Feb. 22, 2008 -- Four of Hollywood's hottest megastars spend a revealing hour with Barbara Walters for this year's Oscar edition of "The Barbara Walters Special." Academy Award nominee Ellen Page, superstar Harrison Ford, Emmy Award nominee Vanessa Williams and teen sensation Miley Cyrus sit down with Walters to share their thoughts and perspectives on their successes.
Miley Cyrus: 'Everyone Has That Dream'
Teen sensation Miley Cyrus has had a whirlwind year with a No.1 movie, a top-selling tour and a hit album. The "Hannah Montana" star told Walters about her acting aspirations, being a role model, staying grounded and working with her father, country star Billy Ray Cyrus. "I think the basis of the show is pretty much life. When I'm at home, it's my friends, it's my family."
Leticia Cyrus, Miley's mom and manager, travels with Miley and makes the rules.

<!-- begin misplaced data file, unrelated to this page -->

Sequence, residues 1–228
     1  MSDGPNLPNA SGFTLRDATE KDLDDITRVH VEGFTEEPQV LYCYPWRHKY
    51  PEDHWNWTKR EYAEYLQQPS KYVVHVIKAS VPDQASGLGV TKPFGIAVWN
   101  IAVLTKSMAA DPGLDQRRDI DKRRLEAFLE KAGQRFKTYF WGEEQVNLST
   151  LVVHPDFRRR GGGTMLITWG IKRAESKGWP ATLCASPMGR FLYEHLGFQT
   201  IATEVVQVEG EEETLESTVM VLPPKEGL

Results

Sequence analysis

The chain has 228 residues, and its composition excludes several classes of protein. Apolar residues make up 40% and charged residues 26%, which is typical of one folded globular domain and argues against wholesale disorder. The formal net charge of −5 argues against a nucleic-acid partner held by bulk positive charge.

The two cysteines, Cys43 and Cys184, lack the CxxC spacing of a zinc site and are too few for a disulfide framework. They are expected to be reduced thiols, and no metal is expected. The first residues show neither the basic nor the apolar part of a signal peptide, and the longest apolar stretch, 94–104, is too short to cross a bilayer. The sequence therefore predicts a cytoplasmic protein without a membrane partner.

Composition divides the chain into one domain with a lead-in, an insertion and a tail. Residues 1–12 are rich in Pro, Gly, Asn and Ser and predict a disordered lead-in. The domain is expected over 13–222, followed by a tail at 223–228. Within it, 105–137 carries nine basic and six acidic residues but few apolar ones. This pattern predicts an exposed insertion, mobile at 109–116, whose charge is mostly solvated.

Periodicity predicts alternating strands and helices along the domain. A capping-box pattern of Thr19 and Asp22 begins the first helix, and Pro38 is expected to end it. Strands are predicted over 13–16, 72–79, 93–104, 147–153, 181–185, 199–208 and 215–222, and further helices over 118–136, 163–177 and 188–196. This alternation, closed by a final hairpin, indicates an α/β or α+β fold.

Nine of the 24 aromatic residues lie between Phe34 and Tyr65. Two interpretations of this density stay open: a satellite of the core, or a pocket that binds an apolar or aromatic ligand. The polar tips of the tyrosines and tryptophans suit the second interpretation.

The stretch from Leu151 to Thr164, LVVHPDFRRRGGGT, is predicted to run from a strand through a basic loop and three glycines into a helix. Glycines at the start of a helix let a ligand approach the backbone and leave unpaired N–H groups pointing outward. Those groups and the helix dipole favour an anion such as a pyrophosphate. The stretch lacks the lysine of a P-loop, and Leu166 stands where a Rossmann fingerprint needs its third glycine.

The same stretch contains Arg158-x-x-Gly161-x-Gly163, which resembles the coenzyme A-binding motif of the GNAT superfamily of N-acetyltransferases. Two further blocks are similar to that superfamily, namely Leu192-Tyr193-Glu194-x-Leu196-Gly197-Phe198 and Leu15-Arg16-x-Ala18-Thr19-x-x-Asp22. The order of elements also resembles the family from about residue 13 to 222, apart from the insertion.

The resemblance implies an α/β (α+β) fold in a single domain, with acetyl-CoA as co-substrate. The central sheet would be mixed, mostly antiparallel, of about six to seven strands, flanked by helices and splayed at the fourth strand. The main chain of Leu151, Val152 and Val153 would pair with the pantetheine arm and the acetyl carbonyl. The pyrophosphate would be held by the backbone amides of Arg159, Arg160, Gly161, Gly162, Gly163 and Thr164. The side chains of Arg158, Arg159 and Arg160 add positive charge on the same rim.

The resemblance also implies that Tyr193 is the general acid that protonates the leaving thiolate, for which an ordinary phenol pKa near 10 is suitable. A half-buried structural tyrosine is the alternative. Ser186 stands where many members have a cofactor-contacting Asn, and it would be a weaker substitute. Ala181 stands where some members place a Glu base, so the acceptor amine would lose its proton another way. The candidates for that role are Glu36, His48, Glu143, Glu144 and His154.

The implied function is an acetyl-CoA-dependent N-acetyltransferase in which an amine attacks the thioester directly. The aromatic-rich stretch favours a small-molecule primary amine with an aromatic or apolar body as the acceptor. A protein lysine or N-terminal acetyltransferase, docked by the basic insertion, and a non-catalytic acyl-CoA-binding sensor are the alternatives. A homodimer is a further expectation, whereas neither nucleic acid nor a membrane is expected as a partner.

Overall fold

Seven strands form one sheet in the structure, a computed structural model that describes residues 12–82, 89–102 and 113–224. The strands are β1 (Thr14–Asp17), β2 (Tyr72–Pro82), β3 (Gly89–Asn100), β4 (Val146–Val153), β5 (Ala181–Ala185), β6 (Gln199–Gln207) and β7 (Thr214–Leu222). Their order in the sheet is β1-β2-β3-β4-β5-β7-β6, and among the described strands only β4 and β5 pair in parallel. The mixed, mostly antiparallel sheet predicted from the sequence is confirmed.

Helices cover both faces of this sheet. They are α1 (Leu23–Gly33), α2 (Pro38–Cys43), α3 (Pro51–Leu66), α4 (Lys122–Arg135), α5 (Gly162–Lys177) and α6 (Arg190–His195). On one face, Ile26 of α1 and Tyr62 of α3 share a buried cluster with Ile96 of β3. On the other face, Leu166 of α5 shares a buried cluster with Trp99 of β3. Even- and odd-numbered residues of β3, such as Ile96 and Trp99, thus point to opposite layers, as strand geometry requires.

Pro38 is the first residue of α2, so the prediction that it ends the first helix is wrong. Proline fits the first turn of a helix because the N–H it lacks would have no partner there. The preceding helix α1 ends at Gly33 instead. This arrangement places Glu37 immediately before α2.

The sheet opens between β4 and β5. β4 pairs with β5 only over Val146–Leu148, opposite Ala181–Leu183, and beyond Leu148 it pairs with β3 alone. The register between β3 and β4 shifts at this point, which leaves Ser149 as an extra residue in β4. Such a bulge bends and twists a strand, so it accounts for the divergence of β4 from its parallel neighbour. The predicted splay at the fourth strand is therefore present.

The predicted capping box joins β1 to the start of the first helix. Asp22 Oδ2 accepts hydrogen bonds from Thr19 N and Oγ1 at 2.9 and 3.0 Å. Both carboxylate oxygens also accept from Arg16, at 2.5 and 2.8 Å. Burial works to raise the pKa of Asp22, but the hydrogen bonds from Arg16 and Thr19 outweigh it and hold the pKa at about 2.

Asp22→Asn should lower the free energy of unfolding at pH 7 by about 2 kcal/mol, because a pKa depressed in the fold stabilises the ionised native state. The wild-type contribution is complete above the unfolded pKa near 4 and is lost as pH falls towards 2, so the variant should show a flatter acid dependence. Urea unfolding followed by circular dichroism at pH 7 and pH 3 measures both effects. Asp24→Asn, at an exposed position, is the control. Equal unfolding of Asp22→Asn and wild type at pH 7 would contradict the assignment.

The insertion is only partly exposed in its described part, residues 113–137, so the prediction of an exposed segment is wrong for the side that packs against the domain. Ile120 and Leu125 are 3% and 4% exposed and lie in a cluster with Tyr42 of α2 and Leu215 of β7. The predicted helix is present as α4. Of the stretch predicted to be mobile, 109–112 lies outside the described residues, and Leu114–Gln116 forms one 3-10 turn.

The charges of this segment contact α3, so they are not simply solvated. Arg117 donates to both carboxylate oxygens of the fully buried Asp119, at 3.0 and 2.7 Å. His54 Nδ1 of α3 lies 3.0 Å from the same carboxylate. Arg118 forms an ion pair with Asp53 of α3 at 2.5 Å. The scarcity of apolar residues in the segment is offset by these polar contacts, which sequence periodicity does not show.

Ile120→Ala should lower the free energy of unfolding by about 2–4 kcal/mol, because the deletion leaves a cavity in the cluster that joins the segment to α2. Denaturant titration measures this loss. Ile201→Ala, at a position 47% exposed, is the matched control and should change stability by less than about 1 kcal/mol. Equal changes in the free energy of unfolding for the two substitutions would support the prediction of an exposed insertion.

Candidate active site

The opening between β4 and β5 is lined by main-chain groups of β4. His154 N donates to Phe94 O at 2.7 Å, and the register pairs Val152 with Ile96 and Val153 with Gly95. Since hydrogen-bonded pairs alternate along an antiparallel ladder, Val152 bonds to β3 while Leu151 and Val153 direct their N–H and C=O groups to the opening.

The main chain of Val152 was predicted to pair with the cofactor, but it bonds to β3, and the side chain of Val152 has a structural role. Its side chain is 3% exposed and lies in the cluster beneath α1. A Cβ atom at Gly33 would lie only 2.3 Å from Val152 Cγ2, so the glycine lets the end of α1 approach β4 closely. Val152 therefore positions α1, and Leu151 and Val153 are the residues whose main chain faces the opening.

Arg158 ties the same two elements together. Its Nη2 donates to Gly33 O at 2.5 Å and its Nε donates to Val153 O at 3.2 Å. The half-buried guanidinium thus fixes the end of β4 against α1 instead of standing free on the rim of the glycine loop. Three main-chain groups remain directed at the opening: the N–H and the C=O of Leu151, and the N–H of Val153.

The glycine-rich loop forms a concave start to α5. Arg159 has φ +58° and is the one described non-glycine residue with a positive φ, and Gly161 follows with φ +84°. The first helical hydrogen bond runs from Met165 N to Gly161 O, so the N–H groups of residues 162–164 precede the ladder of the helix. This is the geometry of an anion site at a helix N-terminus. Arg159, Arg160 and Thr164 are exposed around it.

"I would say I'm like really, really strict," she told Walters. "But I definitely have a lot of boundaries."
She also said she knew her daughter was going to be a star from the beginning. "I mean, from the time she was two and three years old, she would stand at Billy Ray's dad's house on the stairs and sing 'Tomorrow' at the top of her lungs."
Now 15, Miley lives with her whole family in Los Angeles and gets her own wing of the house.
Hollywood is full of young stars who have struggled with drugs and addiction, but Miley told Walters she doesn't really rebel, that she relies on her family and her faith to keep her focused. "I know that some people don't have a family to fall back on like I have," she said. "I think a lot of these people, you know, do have Christian families and they're just not seeing that they're so much greater than the materialistic things that are there right now like, you know, going out in the parties and whatever.